The innate immune response to bacteria is essential for survival but the systemic release of inflammatory mediators results in the life-threatening septic-shock reaction. Now, reporting in Nature, Thierry Roger and co-workers show that a cytokine associated with endotoxic shock, macrophage migration inhibitory factor (MIF), regulates the innate response to Gram-negative bacteria.
MIF-deficient mice are resistant to endotoxic shock but the molecular mechanism behind this resistance has been unknown. Macrophages are the main source of MIF and produce high basal levels of it. To invesigate the effects of MIF on innate responses, mouse macrophages were stably transfected with a plasmid encoding an antisense Mif mRNA. These macrophages had impaired production of the inflammatory cytokines tumour necrosis factor α and interleukin 6 in response to lipopolysaccharide (LPS) and Gram-negative bacteria, but their responses to Gram-positive bacteria were unaffected.
Why does inhibition of MIF selectively affect responses to Gram-negative bacteria? LPS and Gram-negative bacteria are recognized by a receptor complex consisting of a signalling subunit (Toll-like receptor 4, TLR4) and two accessory proteins (MD2 and CD14). The levels of CD14 and MD2 in Mif-antisense macrophages are normal and the LPS-binding capacity of the macrophages is unaffected, but TLR4 production is markedly reduced. By contrast, levels of TLR2, a component of the receptors for fungi and Gram-positive bacteria, are normal. In agreement with a key role for MIF in responses to Gram-negative bacteria, macrophages from MIF-deficient mice had defective responses to Gram-negative but not Gram-positive bacteria.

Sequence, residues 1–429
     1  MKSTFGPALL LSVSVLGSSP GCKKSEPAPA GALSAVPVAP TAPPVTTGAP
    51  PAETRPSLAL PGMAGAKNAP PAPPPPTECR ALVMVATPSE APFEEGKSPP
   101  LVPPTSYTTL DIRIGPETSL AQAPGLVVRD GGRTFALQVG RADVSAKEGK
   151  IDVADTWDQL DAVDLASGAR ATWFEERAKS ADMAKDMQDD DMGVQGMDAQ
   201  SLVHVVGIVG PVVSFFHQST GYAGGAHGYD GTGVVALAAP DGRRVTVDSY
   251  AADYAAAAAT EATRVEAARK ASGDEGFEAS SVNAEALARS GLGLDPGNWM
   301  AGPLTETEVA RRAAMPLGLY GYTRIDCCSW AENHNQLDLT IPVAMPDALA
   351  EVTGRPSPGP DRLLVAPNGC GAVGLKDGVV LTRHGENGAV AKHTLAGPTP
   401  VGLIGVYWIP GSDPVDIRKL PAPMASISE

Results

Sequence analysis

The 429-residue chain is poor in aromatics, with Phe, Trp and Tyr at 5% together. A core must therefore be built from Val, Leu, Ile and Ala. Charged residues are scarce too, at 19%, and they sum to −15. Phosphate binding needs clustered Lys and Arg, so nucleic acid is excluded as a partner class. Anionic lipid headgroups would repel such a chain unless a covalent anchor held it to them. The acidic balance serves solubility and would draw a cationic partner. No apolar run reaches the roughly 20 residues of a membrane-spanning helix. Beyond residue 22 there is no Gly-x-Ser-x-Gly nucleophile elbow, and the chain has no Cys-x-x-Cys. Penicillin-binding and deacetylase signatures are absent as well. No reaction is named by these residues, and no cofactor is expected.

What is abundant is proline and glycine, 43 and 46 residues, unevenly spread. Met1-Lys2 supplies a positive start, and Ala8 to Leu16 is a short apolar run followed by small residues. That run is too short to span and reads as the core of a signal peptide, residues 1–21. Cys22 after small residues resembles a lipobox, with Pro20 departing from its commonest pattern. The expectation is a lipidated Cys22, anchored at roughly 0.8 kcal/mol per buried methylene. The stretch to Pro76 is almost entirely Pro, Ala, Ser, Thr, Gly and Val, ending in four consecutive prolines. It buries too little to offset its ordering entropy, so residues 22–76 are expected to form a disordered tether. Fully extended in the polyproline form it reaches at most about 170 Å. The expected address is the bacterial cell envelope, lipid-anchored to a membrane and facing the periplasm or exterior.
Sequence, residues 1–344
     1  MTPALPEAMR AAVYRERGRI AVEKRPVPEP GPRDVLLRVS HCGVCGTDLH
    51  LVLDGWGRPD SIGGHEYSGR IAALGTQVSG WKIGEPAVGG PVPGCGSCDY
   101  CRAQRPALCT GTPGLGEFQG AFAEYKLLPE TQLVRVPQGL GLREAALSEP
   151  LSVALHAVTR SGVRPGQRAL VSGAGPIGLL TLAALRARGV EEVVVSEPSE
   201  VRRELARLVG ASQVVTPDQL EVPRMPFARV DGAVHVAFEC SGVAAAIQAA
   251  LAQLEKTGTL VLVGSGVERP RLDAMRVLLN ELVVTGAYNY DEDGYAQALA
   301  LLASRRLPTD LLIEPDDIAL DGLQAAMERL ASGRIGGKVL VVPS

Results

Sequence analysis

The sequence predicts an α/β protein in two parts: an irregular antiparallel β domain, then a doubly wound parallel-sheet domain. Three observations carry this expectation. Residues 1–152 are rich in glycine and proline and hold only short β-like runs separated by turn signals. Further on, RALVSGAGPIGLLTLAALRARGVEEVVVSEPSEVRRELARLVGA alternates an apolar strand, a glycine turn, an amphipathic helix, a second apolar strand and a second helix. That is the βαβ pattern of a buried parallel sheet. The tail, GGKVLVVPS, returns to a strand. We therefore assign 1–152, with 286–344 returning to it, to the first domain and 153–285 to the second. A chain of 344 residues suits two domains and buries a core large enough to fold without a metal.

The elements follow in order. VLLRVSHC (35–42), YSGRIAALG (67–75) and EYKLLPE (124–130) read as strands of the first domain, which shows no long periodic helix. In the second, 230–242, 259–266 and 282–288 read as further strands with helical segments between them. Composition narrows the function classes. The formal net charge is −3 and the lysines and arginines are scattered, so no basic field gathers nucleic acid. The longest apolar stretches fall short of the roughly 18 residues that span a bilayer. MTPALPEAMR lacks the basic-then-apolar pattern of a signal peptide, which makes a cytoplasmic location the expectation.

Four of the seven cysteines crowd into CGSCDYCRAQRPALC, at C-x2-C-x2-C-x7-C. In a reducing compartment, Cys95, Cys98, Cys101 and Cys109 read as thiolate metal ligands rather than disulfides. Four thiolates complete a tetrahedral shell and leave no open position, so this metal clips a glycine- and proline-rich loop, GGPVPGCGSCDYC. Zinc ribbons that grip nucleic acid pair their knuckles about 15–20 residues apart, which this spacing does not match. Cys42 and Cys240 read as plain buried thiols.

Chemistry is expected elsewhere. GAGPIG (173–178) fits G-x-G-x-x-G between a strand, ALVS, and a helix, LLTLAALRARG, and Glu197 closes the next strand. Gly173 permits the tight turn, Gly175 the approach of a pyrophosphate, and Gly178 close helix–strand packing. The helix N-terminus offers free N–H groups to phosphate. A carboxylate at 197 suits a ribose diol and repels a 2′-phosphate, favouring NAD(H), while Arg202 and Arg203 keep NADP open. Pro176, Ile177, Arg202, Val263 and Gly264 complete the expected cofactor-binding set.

How, then, does MIF modulate TLR4 production? Transfection of MIF-deficient macrophages with a Tlr4-promoter–luciferase reporter construct showed that the Tlr4 promoter is only 40% as active as when MIF is present. This indicates that MIF regulates TLR4 at the level of transcription. The transcription factor PU.1 is important for TLR4 expression in myeloid cells, and basal PU.1-DNA-binding activity is impaired in MIF-deficient macrophages.
Together, these results indicate that, through PU.1, MIF causes optimal TRL4 expression and hence optimal LPS responses in macrophages. MIF might, therefore, be a useful, specific target for preventing endotoxic shock in cases of Gram-negative sepsis.
ORIGINAL RESEARCH PAPER
Roger, T. et al. MIF regulates innate immune responses through modulation of Toll-like receptor 4. Nature 414, 920–924 (2001)
Medzhitov, R. Toll-like receptors in innate and adaptive immunity. Nature Rev. Immunol. 1, 135–146 (2001)
Calandra, T. et al. Protection from septic shock by neutralization of macrophage migration inhibitory factor. Nature Med. 6, 164–170 (2000)